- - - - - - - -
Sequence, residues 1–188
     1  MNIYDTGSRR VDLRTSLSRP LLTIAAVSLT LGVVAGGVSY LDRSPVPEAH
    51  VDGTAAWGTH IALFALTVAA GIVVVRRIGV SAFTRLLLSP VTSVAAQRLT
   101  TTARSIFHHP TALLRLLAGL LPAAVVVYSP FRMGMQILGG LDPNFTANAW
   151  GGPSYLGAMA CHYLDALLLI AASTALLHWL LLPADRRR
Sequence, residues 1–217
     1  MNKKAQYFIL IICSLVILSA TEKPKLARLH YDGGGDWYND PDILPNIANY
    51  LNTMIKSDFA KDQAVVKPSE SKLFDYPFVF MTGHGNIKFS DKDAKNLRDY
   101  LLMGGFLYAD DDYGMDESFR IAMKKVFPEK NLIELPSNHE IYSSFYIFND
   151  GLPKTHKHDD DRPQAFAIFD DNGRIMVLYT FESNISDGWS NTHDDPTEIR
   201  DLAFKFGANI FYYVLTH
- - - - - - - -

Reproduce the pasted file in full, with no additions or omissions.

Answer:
Sequence, residues 1–188
     1  MNIYDTGSRR VDLRTSLSRP LLTIAAVSLT LGVVAGGVSY LDRSPVPEAH
    51  VDGTAAWGTH IALFALTVAA GIVVVRRIGV SAFTRLLLSP VTSVAAQRLT
   101  TTARSIFHHP TALLRLLAGL LPAAVVVYSP FRMGMQILGG LDPNFTANAW
   151  GGPSYLGAMA CHYLDALLLI AASTALLHWL LLPADRRR
Sequence, residues 1–217
     1  MNKKAQYFIL IICSLVILSA TEKPKLARLH YDGGGDWYND PDILPNIANY
    51  LNTMIKSDFA KDQAVVKPSE SKLFDYPFVF MTGHGNIKFS DKDAKNLRDY
   101  LLMGGFLYAD DDYGMDESFR IAMKKVFPEK NLIELPSNHE IYSSFYIFND
   151  GLPKTHKHDD DRPQAFAIFD DNGRIMVLYT FESNISDGWS NTHDDPTEIR
   201  DLAFKFGANI FYYVLTH